UK Broadcaster, Sky, has added an “outdated attitudes” disclaimer to a list of films including Disney’s 1967 animated feature The Jungle Book, Dumbo (1941) and Aladdin (1992).
Upon searching for these films, a description comes up saying: “This film has outdated attitudes, language and cultural depictions which may cause offence today.”
Jon Favreau’s 2016 reimagining of the animated film also was given the acknowledgement, as was Breakfast at Tiffany’s, The Last Samurai, The Goonies, Balls of Fury, Trading Places, Aliens, Gone With the Wind, Lawrence of Arabia, Tropic Thunder, The Littlest Rebel, The Lone Ranger and Flash Gordon.
According to Variety, a total of 23 films have been added to the list, however, Sky did not respond to their request for comment.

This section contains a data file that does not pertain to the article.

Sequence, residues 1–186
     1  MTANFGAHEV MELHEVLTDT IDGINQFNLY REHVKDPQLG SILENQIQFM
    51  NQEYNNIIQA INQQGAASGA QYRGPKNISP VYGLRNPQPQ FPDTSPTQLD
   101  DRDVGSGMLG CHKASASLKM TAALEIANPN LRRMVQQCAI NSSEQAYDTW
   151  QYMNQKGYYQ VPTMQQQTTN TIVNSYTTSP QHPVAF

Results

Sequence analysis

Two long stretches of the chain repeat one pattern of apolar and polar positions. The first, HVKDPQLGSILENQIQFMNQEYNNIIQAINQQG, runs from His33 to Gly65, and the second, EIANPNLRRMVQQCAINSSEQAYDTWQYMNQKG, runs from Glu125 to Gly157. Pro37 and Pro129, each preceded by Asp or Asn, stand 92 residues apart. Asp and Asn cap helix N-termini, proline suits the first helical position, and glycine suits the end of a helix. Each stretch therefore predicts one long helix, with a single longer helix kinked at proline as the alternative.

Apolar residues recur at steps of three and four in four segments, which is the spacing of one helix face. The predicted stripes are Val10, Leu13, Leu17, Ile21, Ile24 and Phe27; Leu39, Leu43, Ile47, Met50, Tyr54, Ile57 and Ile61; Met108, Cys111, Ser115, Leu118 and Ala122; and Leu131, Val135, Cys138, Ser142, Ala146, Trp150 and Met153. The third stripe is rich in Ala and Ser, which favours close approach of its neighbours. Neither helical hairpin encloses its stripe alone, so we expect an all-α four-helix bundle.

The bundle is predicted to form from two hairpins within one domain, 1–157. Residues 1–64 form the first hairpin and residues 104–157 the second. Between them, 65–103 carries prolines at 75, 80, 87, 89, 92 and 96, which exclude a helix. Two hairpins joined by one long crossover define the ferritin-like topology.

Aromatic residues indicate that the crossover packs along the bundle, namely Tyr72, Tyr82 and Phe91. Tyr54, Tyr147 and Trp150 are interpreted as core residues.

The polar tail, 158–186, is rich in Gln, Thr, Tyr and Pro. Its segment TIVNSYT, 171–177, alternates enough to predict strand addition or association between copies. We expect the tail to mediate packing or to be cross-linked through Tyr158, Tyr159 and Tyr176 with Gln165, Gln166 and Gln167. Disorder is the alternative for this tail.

The move follows Netflix, after it permanently removed four of Chris Lilley’s programs at the beginning of June.
The comedian is known for racially profiling characters in his shows including We Can Be Heroes, Summer Heights High, Angry Boys and Jonah From Tonga and had previously faced backlash for his controversial characters.
Channel 9’s Today host Brooke Boney, called the removal of content a “slippery slope”.
“Obviously the characters are controversial, some are hurtful because they’re making fun of people of colour, let’s be honest,” she told hosts Karl Stefanovic and Allison Langdon
“People of colour aren’t represented enough on-screen and you’ve got people who are white making fun of that, that’s obviously unhelpful and not nice. But I think when we start removing content and when we start tearing things down it’s a very slippery slope,” she said before adding: “If they truly want to make a difference in the way that we tell stories about who we are as a society, then we don’t do that by deleting things we’ve done in the past — we do it by making sure we don’t do it again in the future and being more inclusive and responsible with our storytelling. If you’re going to do change, make it meaningful.”